Senator Weinstein? President Weinstein? Is there more to Harvey Weinstein’s political ambitions than writing checks and holding fund-raisers for his favorite Democratic candidates?
That’s what’s hinted at in a complaint filed on April 17 in State Supreme Court in Manhattan. The suit, brought by O, L.L.C., the producer of O , claims that Tim Blake Nelson’s controversial film adaptation of Shakespeare’s Othello was never released by Miramax because Mr. Weinstein feared its violent content would undermine his political aspirations.
The lawsuit was filed against Miramax Films, its parent, the Walt Disney Company, Miramax co-chairman Harvey Weinstein and his brother, Bob Weinstein, the chief executive of Dimension Films, the division of Miramax that was slated to release O .
One of the complaint’s key allegations describes a March 2001 meeting in Los Angeles’ Peninsula Hotel between Harvey Weinstein and O producer Eric Gitter. The meeting was precipitated by repeated delays in the release of the film, which is set in a modern private high school. In addition to a violent conclusion, which remains faithful to Shakespeare’s four-character body count, O depicts a graphic interracial rape scene.
Dimension initially planned to release the film on Oct. 17, 1999. It received a completed cut of the film in early summer of that year, just a month after the Columbine High School massacre and on the cusp of the 2000 Presidential race.
The Peninsula Hotel meeting described in the suit took place just before the terms of Miramax’s agreement to release O were about to expire. The suit alleges that Harvey Weinstein said he wanted to license O ‘s distribution rights to another company rather than release it under the Miramax shingle. According to the complaint, Mr. Weinstein cited his “ardent” support of the Democratic Party, his role as the party’s “largest” fund-raiser, and indicated “that he had political aspirations and that his current personal agenda included more than a motivation to successfully release quality films.”
The suit goes on to claim that Mr. Weinstein explained to Mr. Gitter that the violence depicted in the film made it “potentially ‘controversial’” and that “he had no intention of allowing the Film to be released under his … Miramax label.”
Miramax, in fact, soon transferred distribution rights to O to Lions Gate Films, in an announcement that was reported in the April 11 issue of Daily Variety . But the transfer was allegedly made over the objections of the film’s producer. (Lions Gate is reportedly set to release O on 1,500 screens in August.)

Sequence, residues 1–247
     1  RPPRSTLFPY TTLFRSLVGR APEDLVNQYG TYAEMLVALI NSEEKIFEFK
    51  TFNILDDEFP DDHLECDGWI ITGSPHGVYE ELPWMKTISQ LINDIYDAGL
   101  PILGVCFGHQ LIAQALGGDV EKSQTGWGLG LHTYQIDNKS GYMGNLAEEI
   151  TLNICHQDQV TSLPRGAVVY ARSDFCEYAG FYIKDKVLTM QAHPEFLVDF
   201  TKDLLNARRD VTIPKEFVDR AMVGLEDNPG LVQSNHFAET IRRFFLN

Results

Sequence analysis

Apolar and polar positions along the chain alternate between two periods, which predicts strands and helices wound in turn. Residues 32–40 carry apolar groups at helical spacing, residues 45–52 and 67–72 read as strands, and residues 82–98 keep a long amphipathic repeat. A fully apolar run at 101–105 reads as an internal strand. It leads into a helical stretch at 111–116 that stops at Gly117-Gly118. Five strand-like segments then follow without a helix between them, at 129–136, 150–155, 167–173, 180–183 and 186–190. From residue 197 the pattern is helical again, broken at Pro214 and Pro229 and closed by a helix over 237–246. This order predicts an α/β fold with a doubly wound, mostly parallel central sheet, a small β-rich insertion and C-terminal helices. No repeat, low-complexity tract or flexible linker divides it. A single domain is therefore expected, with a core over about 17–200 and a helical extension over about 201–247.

During that same L.A. meeting, the suit claims, Mr. Weinstein allegedly “overtly threatened” Mr. Gitter, saying that unless the producer agreed to allow Miramax to sell the film to another company for future release under a different title, “he and his brother, Robert Weinstein, would see to it that the Film was released on 1,000 poorly venued screens at inopportune times with no public relations support.” The suit also says he threatened that “he would invest the required print and advertising funds in an inappropriate manor [sic] and would ‘bury’ the Film in the press.”
Mr. Gitter’s recollection of the meeting, as described in the suit, concluded with his assertion that Mr. Weinstein threatened that “he and his brother would see to it that ‘no one in Hollywood’ would do any future business with Mr. Gitter, personally.”
A Miramax spokeswoman declined to respond to the specific issues in the suit, including the allegations of Mr. Weinstein’s “political aspirations,” noting that it would be inappropriate to comment on a legal matter. But the company issued a statement: “We do not believe that disputes should be litigated in the press. We understand that the complaint has just been filed with the court and will respond as appropriate. We are confident that the court will find that we have fulfilled our obligation and acted appropriately. In licensing the film to Lions Gate, we wanted to continue to act in a socially responsible manner and to not have the profile of our company stand in the way of a film we admire.”